Cognitive theories on deception posit that lying requires more cognitive resources than telling the truth. In line with this idea, it has been demonstrated that deceptive responses are typically associated with increased response times and higher error rates compared to truthful responses. Although the cognitive cost of lying has been assumed to be resistant to practice, it has recently been shown that people who are trained to lie can reduce this cost. In the present study (nD42), we further explored the effects of practice on one's ability to lie by manipulating the proportions of lie and truth-trials in a Sheffield lie test across three phases: Baseline (50% lie, 50% truth), Training (frequent-lie group: 75% lie, 25% truth; control group: 50% lie, 50% truth; and frequent-truth group: 25% lie, 75% truth), and Test (50% lie, 50% truth). The results showed that lying became easier while participants were trained to lie more often and that lying became more difficult while participants were trained to tell the truth more often. Furthermore, these effects did carry over to the test phase, but only for the specific items that were used for the training manipulation. Hence, our study confirms that relatively little practice is enough to alter the cognitive cost of lying, although this effect does not persist over time for non-practiced items. © 2012 Van Bockstaele, Verschuere, Moens, Suchotzki, Debey and Spruyt.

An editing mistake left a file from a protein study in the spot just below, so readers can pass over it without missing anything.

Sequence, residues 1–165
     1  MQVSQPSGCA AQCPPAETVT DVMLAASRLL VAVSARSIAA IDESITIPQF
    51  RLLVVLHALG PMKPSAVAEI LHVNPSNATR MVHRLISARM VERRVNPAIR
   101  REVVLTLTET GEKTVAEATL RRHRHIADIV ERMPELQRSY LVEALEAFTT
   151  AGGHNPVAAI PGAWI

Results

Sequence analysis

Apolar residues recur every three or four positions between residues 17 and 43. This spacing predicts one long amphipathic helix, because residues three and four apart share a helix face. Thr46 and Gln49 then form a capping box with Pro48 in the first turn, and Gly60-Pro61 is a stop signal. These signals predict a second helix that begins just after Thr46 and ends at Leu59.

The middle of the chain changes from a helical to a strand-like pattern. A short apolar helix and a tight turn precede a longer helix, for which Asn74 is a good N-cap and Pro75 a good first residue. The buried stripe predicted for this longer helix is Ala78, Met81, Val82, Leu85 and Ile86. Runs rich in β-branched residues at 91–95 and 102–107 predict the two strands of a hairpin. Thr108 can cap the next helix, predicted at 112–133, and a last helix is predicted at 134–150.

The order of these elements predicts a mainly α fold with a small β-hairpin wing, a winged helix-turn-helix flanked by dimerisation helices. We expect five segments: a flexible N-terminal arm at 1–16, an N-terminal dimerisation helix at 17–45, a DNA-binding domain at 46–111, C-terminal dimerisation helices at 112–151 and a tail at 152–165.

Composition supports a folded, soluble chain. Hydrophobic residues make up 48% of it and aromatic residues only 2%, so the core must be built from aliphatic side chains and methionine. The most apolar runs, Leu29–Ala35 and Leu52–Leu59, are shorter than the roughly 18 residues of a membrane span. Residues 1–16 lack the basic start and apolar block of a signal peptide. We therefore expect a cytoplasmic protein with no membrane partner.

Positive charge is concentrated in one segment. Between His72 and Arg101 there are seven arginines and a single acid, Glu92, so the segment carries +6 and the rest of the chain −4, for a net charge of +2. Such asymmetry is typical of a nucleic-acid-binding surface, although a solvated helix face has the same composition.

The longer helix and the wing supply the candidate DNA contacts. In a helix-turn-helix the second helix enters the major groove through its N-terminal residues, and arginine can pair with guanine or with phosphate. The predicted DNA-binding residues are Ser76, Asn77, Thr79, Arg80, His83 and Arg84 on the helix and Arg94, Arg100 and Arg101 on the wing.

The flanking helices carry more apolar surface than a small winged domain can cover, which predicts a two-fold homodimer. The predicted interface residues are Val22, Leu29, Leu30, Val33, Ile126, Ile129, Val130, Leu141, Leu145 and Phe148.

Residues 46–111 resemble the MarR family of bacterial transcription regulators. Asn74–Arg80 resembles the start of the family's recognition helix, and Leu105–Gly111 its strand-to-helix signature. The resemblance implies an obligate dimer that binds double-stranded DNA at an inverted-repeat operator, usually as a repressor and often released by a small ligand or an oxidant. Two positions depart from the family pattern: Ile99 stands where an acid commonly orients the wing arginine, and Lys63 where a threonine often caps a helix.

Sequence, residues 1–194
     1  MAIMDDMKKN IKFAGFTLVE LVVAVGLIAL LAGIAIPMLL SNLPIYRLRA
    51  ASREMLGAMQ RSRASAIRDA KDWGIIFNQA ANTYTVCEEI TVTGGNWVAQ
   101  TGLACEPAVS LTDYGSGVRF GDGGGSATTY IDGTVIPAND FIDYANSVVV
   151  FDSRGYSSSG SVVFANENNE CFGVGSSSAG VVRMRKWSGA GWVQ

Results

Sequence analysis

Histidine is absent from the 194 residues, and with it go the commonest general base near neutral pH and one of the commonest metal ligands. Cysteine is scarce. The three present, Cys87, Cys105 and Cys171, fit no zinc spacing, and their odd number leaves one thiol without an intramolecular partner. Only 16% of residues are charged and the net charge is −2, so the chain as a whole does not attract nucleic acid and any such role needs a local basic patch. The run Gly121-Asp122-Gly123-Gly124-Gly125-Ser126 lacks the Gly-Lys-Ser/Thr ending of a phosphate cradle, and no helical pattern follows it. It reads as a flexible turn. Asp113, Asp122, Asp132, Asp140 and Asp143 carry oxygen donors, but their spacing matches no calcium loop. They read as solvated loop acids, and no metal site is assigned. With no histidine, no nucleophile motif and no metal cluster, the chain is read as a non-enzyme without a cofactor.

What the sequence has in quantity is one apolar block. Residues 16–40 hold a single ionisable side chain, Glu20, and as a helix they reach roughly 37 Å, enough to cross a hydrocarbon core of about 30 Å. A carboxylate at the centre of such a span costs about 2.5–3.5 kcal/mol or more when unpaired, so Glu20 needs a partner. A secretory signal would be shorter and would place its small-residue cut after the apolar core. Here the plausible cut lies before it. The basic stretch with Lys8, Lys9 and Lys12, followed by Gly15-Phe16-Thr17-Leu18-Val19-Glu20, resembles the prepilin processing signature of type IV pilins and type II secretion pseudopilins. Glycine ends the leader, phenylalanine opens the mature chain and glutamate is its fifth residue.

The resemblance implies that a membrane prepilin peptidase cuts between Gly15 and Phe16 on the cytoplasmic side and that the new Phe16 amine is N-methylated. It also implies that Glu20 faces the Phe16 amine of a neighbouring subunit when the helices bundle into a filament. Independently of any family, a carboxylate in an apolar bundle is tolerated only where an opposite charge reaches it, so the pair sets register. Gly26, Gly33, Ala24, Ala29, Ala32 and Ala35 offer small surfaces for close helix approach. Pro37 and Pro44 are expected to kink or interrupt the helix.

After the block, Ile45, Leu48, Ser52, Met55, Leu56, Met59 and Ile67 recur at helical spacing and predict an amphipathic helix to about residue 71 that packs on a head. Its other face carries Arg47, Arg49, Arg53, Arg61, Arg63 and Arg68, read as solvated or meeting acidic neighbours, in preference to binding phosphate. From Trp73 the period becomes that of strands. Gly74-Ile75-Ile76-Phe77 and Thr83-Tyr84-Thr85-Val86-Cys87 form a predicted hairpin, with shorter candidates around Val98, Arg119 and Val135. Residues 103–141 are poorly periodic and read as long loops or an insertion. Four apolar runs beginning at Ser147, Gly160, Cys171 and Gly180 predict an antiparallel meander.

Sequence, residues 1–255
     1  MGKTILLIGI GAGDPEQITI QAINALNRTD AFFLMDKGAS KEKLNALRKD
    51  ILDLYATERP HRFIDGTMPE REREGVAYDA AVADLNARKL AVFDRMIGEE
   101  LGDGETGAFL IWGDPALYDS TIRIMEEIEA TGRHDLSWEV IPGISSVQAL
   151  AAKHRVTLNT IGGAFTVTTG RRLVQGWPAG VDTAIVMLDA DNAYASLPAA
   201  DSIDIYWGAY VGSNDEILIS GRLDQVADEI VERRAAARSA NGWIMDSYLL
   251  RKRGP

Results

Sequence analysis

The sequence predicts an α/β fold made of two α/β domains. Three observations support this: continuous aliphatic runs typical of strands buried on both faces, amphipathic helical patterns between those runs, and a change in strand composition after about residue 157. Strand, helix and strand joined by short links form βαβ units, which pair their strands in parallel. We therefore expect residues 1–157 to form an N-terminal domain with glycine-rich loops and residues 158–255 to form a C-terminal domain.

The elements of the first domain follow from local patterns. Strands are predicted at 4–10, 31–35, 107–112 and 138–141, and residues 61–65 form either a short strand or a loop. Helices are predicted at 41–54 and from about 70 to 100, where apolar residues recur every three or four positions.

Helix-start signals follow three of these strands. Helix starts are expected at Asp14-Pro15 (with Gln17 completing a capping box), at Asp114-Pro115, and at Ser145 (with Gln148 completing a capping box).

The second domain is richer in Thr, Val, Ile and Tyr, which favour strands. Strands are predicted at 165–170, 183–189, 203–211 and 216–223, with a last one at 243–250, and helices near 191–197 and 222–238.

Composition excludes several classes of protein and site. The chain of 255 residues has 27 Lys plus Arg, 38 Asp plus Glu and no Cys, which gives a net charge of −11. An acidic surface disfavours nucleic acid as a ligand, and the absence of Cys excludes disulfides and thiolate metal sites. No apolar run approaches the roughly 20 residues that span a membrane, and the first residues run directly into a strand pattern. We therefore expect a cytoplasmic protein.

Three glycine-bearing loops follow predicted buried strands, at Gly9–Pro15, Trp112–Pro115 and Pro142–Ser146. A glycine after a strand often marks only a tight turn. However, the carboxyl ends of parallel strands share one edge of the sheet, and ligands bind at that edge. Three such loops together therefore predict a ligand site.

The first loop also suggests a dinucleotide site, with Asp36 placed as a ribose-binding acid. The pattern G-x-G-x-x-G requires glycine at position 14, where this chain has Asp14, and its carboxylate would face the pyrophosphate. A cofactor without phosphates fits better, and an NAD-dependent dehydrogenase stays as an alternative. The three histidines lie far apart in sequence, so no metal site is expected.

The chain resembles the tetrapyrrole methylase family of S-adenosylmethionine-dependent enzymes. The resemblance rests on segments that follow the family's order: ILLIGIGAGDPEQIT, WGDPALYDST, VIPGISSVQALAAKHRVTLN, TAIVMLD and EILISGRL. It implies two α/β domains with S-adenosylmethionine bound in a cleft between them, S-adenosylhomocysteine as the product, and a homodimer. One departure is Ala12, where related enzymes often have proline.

Van Bockstaele, B., Verschuere, B., Moens, T., Suchotzki, K., Debey, E., & Spruyt, A. (2012). Learning to lie: Effects of practice on the cognitive cost of lying. Frontiers in Psychology, 3(NOV). https://doi.org/10.3389/fpsyg.2012.00526